The NATO campaign in Libya to help rebels oust dictator Moammar Gadhafi's murderous regime hardly needs more justification than was evident when the Arab Spring blossomed. The United States' vital support has kept Gadhafi from slaughtering thousands of rebels and civilians, and it continues to be justifiable for that and other reasons. Yet because it directly involves the United States in continuing hostile military actions, it clearly falls under the 1973 War Powers Act.
Under that act, the president is required to seek congressional approval to continue the intervention within 60 to 90 days of onset of hostilities. President Obama should not try to skirt that responsibility.
Given the circumstances, Obama can hardly claim the military campaign is not an act of war. The United States may have no boots on the ground yet, but there's plenty of evidence of deadly engagements by U.S. forces against Libya's regime.
From the beginning, the U.S. military has engaged in bombing of strategic targets - and not just Libya's air defense systems. It has rained hundreds of cruise missiles on military installations. It's also helping refuel NATO planes from France, England and elsewhere, and it is still sending remotely controlled drone aircraft to strike targets.
Yet Obama responded to a recent effort in the U.S. Senate - led by Sen. Bob Corker of Tennessee and Sen. Jim Webb, a Virginia Democrat - to invoke the War Powers Act by pretending that U.S. activities in Libya do not rise to the level of "hostilities" that require compliance with the Act.
His response said U.S. operations "do not involve sustained fighting or active exchanges of fire with hostile forces, nor do they involve the presence of U.S. ground troops."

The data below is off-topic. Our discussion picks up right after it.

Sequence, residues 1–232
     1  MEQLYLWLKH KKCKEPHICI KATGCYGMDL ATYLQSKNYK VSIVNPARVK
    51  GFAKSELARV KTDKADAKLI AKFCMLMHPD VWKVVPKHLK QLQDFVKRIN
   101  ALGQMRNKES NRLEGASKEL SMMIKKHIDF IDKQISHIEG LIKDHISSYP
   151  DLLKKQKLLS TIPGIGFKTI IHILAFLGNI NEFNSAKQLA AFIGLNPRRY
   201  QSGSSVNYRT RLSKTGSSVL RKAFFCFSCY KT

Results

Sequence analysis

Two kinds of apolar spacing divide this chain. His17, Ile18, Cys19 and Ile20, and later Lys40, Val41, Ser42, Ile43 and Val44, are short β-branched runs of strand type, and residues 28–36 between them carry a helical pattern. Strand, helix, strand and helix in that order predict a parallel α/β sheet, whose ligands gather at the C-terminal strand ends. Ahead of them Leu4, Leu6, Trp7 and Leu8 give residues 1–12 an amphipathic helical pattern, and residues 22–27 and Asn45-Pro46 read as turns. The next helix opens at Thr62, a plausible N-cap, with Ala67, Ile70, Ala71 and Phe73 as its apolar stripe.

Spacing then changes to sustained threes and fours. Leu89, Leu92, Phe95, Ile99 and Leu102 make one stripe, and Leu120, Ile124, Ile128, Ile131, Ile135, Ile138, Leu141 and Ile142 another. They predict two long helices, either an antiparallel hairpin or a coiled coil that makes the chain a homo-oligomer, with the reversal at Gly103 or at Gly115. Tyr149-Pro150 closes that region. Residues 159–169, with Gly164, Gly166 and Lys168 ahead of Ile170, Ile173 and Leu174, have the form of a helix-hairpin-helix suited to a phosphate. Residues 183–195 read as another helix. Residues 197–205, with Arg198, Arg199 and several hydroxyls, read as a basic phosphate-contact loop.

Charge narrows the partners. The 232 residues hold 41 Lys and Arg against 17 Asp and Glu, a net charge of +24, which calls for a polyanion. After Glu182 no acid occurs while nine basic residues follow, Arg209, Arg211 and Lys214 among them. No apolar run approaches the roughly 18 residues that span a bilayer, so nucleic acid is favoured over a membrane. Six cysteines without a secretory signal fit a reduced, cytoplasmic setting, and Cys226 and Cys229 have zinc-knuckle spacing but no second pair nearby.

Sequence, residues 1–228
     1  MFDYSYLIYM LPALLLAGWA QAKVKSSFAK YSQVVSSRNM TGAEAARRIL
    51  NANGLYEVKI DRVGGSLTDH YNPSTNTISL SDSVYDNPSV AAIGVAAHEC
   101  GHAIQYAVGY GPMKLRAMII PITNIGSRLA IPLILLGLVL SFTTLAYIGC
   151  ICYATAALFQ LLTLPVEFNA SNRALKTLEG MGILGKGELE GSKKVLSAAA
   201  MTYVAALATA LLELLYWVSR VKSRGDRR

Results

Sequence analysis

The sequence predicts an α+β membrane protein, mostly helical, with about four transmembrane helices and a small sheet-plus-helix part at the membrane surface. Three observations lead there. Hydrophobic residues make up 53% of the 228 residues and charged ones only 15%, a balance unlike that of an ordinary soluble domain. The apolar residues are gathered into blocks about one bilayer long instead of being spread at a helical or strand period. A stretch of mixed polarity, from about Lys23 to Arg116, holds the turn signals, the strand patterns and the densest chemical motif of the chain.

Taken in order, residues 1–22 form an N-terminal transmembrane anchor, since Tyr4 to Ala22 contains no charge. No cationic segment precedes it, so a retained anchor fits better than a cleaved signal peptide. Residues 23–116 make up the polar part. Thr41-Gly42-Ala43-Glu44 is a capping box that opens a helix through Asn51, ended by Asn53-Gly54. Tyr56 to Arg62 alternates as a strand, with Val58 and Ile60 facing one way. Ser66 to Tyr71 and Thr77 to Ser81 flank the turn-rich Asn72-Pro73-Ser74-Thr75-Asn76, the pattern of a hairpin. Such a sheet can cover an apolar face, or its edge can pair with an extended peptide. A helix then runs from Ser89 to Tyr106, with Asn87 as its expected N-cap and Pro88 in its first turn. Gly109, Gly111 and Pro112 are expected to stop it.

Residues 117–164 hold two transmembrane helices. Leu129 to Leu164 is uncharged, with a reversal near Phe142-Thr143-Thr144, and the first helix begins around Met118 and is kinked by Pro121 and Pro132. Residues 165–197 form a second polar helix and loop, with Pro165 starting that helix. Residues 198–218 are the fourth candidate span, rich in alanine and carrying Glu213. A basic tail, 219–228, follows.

He's fudging, of course. If North Korean fighter jets, for example, were to strike U.S. soil and air defenses and unleash a weeks-long barrage of cruise missiles on strategic U.S. military sites from naval vessels standing off U.S. shores, an American president couldn't say fast enough those actions were acts of war.
The administration's obtuse rebuttal rightly prompted Corker to call for hearings to "examine divergent definitions for 'hostilities' and how this term is used in the legal analysis for continued involvement in the military operations [in Libya] absent specific authorization from Congress."
He makes a crucial point. If the president can say that obvious hostilities are not really "hostilities" as assumed under the War Powers Act - and make it stick - then he not only can upend the War Powers Act with respect to operations in Libya. He also can set a precedent that effectively nullifies the authority of the War Powers Act for future adventures that might lead to a full-on shooting war with troops on the ground.
Corker makes a case that supporters of the Libyan intervention must recognize. If Congress can't make the War Powers Act stick in the event of obvious hostilities, then any president, regardless of political party, can lead the country into war without ever having to justify it, and without Congress having any authority to call the president to account and block the path to full-on war.
Congress must maintain its balance of power over acts of war, and exercise its duty to debate and authorize, or refuse to authorize, continued U.S. involvement in Libya. It must do so as a matter of principle.
There's good reason, of course, to believe that Congress would, in fact, sanction continuing but limited action in Libya. The action began with the endorsement of the United Nations Security Council, with support from some Arab countries, and in cooperation with NATO. England and France have assumed the primary roles, and hawkish Republicans in Congress have demanded even greater involvement. Thus the Libyan campaign has broad support. Retreating from it, moreover, would undermine U.S. influence and credibility.
Congress, and Corker himself, likely would approve a continued, if limited, U.S. role in Libya. But that role should be defined, and the plain definition of hostilities should be respected to keep the War Powers Act intact. Obama should go to Congress and make that case.